If you’ve been a long-time Mac user, sitting in front of a Windows machine can be quite confusing. In this instalment of our switching guide, I take a look at the Windows interface and translate between OS X and Windows 7.
Although Windows 7 and OS X share some similarities, they are quite different in how they do some things. That said, most things that you can do on a Mac can be done on a PC – they’re just done a little differently.
Today is all about translating your Mac experience into Windows proficiency.
Truth be told, those little red, amber and green buttons on the top left corner of an application on a Mac are confusing to me. Depending on the program you’re using they do different things. Under Windows, the functionally similar buttons appear on the top right corner on a Windows application. And they behave the same way in every application.
Under Windows, the minimise button – the one that looks like a line across the bottom of the box – reduces the window and “hides” it on the Taskbar (the strip of icons running across the bottom of the screen). It works similarly to the amber button that shrinks things to the Dock on a Mac.
The cross in the right corner on Windows closes the window. If that Window is a program – it shuts the program down completely.
The middle button looks like a square. This is the maximise/restore button and it’s used to toggle between two modes. If a window is taking up the entire screen, clicking this button will make the window resizable and moveable. Press it again and the window fill the entire screen.
If you’ve been using OS X Lion, you’ll probably have discovered that you can resize a window by dragging the border on any edge of a window. Windows users have been doing that for years.
One last thing – with Windows 7, if you drag a window to the top edge of the screen it will automatically maximise to take up the entire screen. If you drag to the left or right edge, the window will automatically snap to that edge and fill half the screen. This is the Snap feature. It takes some getting used to but is very handy when you’re arranging windows on the screen.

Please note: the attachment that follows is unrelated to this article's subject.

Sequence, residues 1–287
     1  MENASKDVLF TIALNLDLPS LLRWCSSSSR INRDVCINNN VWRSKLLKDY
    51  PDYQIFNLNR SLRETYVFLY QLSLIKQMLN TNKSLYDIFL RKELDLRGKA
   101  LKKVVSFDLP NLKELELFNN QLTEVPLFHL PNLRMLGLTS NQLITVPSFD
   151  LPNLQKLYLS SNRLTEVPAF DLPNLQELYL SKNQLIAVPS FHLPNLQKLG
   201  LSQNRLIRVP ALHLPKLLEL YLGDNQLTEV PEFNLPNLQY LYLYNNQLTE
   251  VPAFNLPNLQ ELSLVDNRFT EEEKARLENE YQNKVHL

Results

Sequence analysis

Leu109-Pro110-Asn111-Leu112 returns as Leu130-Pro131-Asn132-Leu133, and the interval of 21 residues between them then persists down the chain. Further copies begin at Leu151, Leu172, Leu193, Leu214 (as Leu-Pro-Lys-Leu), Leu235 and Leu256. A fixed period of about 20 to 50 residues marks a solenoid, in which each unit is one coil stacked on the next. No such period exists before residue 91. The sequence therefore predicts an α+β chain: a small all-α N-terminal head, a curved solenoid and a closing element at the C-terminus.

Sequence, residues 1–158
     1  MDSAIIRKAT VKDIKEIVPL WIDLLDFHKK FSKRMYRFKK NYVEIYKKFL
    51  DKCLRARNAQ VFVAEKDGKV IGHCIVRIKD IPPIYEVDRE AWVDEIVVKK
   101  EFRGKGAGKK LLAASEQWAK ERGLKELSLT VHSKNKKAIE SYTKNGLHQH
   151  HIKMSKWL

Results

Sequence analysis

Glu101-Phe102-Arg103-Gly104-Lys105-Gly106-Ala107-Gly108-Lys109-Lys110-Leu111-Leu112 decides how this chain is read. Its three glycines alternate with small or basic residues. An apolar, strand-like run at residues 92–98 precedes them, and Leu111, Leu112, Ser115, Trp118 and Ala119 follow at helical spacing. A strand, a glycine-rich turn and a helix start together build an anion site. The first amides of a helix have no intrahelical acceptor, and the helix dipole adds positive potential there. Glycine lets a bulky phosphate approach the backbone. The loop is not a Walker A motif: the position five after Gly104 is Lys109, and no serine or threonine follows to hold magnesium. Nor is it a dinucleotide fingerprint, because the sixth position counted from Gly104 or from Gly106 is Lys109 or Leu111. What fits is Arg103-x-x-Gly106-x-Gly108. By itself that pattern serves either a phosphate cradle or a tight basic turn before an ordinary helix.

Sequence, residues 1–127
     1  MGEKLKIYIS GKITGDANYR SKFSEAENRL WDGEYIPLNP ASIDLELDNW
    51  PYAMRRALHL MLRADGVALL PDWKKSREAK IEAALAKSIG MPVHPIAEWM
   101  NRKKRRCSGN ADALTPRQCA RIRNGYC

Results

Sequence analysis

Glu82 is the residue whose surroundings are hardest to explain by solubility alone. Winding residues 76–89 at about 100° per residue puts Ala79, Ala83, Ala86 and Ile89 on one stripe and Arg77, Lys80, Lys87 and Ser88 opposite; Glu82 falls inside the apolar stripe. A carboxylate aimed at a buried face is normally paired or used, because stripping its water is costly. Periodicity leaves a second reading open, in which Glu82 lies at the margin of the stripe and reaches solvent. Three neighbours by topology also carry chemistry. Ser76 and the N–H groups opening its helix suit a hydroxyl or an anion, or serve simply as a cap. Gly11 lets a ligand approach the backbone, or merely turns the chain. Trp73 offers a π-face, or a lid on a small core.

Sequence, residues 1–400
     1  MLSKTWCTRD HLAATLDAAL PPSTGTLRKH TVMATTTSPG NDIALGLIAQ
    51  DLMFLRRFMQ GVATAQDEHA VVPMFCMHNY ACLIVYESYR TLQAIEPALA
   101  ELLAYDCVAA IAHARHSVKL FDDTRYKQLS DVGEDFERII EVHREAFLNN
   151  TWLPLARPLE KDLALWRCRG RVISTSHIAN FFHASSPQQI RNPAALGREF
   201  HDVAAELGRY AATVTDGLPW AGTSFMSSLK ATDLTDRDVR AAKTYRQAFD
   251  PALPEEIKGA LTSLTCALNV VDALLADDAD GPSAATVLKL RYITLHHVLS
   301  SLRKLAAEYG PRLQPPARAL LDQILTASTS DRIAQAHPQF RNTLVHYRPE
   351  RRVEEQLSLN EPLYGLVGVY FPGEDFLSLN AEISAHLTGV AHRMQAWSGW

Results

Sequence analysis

Finder vs Explorer and file management
One a Mac, you do most of your file management using the Finder. On Windows, it’s all about Explorer.
With Windows, each drive that is connected to your computer is assigned a letter. By default, the primary hard drive (the one with the operating system) is designated the letter “C” (because in the old days A and B were taken by floppy drives). The C drive is equivalent to the Macintosh HD you see on a Mac desktop or in Finder
You then have folders and sub-folders within that for organising files. When you insert a thumb-drive or connect to a network drive (which is a shared folder on a server) it will be designated the next available letter.
To create folders in Windows, just use the New Folder button that appears in the Explorer screen when you are looking at a list of files.
So, that’s it for Part One of the OS X to Windows translator. Part Two will be here tomorrow. I’ll look at customising, security and applications.